09 February, 2018

Limited Harbor Space - When Does an ISP Lose Safe Harbor Protection in the US?

Safe harbor provisions for intermediaries on the Internet are the cornerstone of keeping it functional, open and above all fair. Without protection for intermediaries, including ISPs, many entities could create an environment of monitoring and control by service providers, which would undoubtedly hinder the functionality of the Internet as we know it. Even so, safe harbor provisions should be a shield, and not deflect all responsibility from providers where they could be, arguably, deemed as complicit with illegal activities.  With that in mind, when could an ISP be deemed liable for the copyright infringement of its users? The US Court of Appeals took on this question earlier this month.

The case of BMG Rights Management (US) LLC v Cox Communications dealt with Cox who are an internet service provider for roughly 4.5 million users. Some of these users shared copyright protected files on Cox's service, including music, using the BitTorrent protocol.  Cox's service agreement with their users prevents, among other things, the sharing of infringing content using their service, but has very little by way of automated infringement prevention systems (e.g. through automated notifications and a thirteen-strike policy to suspend a repeat offender's service temporarily). BMG identified that several of their copyright protected works were shared using Cox's service, and used a third-party service provider to send notices to Cox (who had, before this, blocked the third-party provider), with the ISP never receiving those notices. BMG then took Cox to court for copyright infringement via its users.

The Court first dealt with the matter of safe harbor protection for Cox under 17 USC section 512. For an ISP to be covered under the provision, it has to show it "…adopted and reasonably implemented… a policy that provides for the termination in appropriate circumstances of subscribers… who are repeat infringers". This would mean any user who, in short, repeatedly infringes copyrights. Even if those infringements would be mere alleged infringements (i.e. they have not gone to court or been admitted to), the provision would still apply as a requirement.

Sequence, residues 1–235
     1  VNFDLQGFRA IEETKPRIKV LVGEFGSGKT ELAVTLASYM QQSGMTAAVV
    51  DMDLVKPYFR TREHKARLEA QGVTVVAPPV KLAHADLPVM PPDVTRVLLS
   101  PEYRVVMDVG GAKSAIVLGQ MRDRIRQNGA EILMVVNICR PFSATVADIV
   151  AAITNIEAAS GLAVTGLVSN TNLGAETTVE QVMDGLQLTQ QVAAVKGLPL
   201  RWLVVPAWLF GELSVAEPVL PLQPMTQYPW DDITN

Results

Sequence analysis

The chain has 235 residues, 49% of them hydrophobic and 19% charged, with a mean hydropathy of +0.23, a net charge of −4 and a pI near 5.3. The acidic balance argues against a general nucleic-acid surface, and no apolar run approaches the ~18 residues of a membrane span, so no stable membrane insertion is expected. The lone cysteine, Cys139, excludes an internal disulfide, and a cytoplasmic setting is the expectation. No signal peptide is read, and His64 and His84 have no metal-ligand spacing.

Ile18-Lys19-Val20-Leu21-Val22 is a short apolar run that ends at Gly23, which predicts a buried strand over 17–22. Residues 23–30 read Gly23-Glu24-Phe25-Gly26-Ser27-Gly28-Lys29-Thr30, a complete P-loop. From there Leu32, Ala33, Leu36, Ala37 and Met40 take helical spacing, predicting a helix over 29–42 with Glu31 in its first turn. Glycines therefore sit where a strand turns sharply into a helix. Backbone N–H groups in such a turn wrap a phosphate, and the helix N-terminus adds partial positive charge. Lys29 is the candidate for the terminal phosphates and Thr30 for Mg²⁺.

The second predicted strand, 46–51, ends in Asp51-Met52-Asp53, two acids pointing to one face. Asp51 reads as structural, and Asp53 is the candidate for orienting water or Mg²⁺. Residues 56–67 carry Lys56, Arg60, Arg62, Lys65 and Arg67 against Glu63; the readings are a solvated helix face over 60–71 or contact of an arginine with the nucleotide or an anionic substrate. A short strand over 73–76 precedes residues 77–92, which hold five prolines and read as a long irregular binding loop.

The need to have a reasonably implemented policy on termination also necessitates the meaningful enforcement of that policy. Cox, through their thirteen-strike policy, never terminated users' accounts even after repeat offenses. Through this they avoided the policy's reasonable implementation. In internal correspondence representatives in the Abuse division at Cox would dismiss the termination of users' accounts, and reinforced their reactivation for DMCA notices.

Even in the light of this, Cox contested that they had no "actual knowledge" of their users' infringing activities. The evidence discussed above contradicted this point, and even though the stance was changed internally later on, the Court still deemed them to have clear knowledge of users' infringements and that they actively ignored correspondence on the same by rightsholders. This also contradicted their stance on active implementation of the policy, as almost no users were terminated. Cox therefore failed to qualify for safe harbor protection.

The matter then turned to jury instructions on contributory infringement, particularly what the jury were instructed to consider. Cox contended that, as the product they sold (Internet service) is "…capable of substantial non-infringing use", it cannot be deemed to be infringing. The Court quickly rejected this, and determined that even if the technology can be substantially used for non-infringing purposes, it doesn't give them immunity from contributory infringement.

Secondly, Cox argued that the instructions issued, to consider the intent necessary for contributory infringement, were wrong. The jury were instructed to impose liability if "…Cox knew or should have known of such infringing activity". The Court agreed with Cox on this point, considering that the instructions were incorrect and the court erred in giving them. To prove contributory infringement one has to, according to the Court, provide proof of "…at least willful blindness [and that] negligence is insufficient". Saying the party 'should have known' is too low of a standard. A note the Court makes is that the wilful blindness has to relate to specific instances of infringement, e.g. where they have been notified of infringement and choose to ignore the notices.

Cox's appeal was dismissed, but due to errors in jury instructions the matter was remanded and sent for a new trial.

The case is very interesting, and amends the standard that juries will have to assess contributory infringement against. Clearly, had Cox responded to notices sent to them, most likely they would have been protected by safe harbour provisions. They wilful ignorance of the notices and issues, in addition to their lack of enforcing their own policy on termination, was their undoing. The case does raise a red flag for all ISPs to ensure that they indeed do implement a policy against infringers and enforce it to enjoy safe harbor protection. While the case is still going to be decided on in the future after remittance, it still is an important consideration ahead of the forthcoming decision.

Source: IPKat

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